Northern Brooklyn faces immense oncoming change that affects the distinct communities that cohabit the space. While future waterfront proposals reduce the area in one homogenous stroke, we understand that the waterfront is as diverse a public asset as the adjacent communities. This project challenges the concept of access as simply physical by exploring what it means to belong. Belonging is a principle necessary to create a commons. The act of walking enables a dialogue between publics to take place beyond geographical boundaries that might not otherwise take place. in.site’s workshop series uncovers opportunities for groups to align on mutually beneficial strategies that ensure diversity is sustained.
Through these walking workshops we address the common goals shared with our community partner NAG of: recapturing the waterfront and advocating for the people who live and work there, making the claim that the entire community is entitled to participate in decision-making processes affecting their neighborhood, and promoting the right to collectively design shared public space. The purpose here is to engage people to participate in the change in their urban environment and to provide the space for dialogue and self-organization. The workshops were designed following a 6 months, on the ground ethnography researching social, political and spatial dynamics of this neighborhood in transition.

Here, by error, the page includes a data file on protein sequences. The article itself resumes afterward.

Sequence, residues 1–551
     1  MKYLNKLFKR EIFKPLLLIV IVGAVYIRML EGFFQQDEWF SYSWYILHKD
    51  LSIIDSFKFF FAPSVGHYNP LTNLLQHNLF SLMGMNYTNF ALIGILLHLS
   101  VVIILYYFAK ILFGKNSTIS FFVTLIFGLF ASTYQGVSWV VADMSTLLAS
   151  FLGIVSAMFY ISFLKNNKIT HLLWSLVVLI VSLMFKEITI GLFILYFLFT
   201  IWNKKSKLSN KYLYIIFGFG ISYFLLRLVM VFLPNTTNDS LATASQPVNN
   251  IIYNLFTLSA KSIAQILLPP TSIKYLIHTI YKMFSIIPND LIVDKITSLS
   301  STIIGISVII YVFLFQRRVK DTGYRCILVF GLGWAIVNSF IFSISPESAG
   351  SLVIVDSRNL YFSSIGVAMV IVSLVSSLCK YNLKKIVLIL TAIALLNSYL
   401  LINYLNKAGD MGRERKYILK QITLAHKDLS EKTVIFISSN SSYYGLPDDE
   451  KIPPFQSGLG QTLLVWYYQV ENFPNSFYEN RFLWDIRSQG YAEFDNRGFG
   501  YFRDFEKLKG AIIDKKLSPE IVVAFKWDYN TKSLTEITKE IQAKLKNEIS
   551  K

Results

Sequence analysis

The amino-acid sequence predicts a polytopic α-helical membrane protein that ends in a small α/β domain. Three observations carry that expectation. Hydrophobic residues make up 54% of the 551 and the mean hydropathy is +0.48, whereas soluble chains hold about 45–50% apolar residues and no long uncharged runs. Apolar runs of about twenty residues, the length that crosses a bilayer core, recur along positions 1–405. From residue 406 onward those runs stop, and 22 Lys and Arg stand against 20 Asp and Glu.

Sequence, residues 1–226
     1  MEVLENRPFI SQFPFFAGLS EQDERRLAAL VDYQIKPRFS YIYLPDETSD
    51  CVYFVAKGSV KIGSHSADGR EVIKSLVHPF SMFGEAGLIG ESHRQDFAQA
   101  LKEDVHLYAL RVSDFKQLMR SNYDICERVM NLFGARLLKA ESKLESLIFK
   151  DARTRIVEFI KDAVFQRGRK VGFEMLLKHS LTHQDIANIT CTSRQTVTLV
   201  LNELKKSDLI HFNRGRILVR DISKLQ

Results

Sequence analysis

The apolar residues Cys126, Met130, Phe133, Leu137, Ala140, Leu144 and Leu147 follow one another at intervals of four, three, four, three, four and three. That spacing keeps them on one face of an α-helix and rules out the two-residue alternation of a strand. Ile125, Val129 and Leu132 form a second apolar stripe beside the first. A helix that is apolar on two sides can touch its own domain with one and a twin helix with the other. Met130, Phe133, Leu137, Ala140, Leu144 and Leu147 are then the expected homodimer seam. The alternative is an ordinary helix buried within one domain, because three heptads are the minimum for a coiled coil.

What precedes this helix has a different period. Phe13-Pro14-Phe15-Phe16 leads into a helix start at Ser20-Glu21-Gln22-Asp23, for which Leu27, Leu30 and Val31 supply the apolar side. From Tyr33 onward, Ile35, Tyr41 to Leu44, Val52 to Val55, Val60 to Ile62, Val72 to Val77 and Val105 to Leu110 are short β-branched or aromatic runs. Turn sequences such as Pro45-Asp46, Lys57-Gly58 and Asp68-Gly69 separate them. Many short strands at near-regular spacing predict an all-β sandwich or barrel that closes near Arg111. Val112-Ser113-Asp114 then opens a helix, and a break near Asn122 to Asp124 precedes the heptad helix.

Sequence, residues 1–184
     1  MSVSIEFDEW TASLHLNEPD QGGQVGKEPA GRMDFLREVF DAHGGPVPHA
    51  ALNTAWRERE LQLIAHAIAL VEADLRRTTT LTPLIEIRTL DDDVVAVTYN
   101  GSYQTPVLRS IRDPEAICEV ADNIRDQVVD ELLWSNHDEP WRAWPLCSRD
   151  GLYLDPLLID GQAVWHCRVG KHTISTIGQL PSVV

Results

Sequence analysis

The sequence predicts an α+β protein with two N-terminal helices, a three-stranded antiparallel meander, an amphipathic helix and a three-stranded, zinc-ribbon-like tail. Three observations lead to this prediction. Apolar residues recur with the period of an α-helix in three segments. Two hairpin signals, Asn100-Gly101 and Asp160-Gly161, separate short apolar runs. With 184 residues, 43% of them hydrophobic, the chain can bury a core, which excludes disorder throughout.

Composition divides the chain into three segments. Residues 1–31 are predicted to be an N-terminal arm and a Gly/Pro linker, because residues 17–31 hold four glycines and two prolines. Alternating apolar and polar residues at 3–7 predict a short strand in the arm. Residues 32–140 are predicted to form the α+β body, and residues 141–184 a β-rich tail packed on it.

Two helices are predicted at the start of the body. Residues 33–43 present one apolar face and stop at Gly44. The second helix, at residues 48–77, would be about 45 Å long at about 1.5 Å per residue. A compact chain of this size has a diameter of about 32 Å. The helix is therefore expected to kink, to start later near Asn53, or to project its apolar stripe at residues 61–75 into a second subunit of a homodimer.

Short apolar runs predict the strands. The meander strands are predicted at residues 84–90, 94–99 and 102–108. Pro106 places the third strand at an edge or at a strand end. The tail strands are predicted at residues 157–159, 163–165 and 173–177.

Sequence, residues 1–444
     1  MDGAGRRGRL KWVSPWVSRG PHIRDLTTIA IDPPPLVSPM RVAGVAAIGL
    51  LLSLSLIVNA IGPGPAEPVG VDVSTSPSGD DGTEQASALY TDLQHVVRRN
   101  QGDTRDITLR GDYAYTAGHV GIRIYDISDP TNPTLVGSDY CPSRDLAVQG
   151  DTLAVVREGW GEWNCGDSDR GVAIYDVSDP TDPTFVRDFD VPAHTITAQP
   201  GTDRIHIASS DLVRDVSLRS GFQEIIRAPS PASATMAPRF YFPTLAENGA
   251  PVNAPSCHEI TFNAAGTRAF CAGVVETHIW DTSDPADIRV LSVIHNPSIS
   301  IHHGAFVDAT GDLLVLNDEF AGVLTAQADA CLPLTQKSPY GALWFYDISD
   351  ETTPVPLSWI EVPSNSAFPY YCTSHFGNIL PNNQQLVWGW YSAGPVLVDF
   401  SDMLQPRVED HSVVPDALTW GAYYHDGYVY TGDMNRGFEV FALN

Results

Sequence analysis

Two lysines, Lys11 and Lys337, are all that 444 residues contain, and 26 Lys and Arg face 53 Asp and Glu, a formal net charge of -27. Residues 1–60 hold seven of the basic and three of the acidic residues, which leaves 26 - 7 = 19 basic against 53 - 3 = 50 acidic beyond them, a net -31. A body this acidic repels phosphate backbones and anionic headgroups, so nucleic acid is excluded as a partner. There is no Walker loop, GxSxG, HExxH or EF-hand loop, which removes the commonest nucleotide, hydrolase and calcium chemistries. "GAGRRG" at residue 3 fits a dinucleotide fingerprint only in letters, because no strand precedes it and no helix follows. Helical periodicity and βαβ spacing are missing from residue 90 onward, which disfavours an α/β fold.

Ethnography • Workshops • Theoretical • Engagement tools
in.site organized a launch event for the workshops that re-engaged and expanded NAG’s constituency. The outcomes resulted in renewed engagement in the future of the waterfront, which in the recent past had been consistently dominated by top down decision making.
An interactive tool—in the form of “personality quiz” What Public Agent are You?—was created to guide participant through the various points on the walk and concluded with personality-based recommendations on how to get involved.
This workshop series is part of a larger on-going project at in.site investigating new and emerging models of managing public resources along the Williamsburg-Greenpoint Waterfront.